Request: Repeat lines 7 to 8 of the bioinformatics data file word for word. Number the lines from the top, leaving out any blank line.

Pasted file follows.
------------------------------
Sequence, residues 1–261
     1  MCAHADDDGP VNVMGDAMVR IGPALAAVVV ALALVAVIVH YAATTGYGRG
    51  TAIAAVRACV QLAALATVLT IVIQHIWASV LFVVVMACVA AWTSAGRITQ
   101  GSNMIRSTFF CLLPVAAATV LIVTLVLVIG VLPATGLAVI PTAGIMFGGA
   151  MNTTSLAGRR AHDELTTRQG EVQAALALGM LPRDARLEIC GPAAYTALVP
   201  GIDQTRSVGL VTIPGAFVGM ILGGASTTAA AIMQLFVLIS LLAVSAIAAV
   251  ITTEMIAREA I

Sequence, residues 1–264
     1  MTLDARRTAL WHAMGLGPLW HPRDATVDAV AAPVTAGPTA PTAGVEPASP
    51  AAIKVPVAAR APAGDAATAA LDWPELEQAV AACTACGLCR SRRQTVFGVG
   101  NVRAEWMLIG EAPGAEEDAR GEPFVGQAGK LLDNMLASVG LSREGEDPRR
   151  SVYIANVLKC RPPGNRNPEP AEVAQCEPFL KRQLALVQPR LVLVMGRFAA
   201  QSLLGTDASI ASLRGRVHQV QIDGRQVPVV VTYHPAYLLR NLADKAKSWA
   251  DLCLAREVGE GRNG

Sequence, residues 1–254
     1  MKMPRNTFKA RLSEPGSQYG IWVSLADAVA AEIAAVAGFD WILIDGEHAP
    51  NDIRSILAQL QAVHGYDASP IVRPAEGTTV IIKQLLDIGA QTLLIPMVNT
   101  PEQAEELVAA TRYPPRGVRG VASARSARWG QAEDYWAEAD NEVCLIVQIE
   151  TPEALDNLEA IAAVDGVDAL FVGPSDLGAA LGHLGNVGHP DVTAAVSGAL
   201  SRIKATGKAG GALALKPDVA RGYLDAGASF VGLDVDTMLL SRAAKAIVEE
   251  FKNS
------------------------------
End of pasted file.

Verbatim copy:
   251  ITTEMIAREA I

Sequence, residues 1–264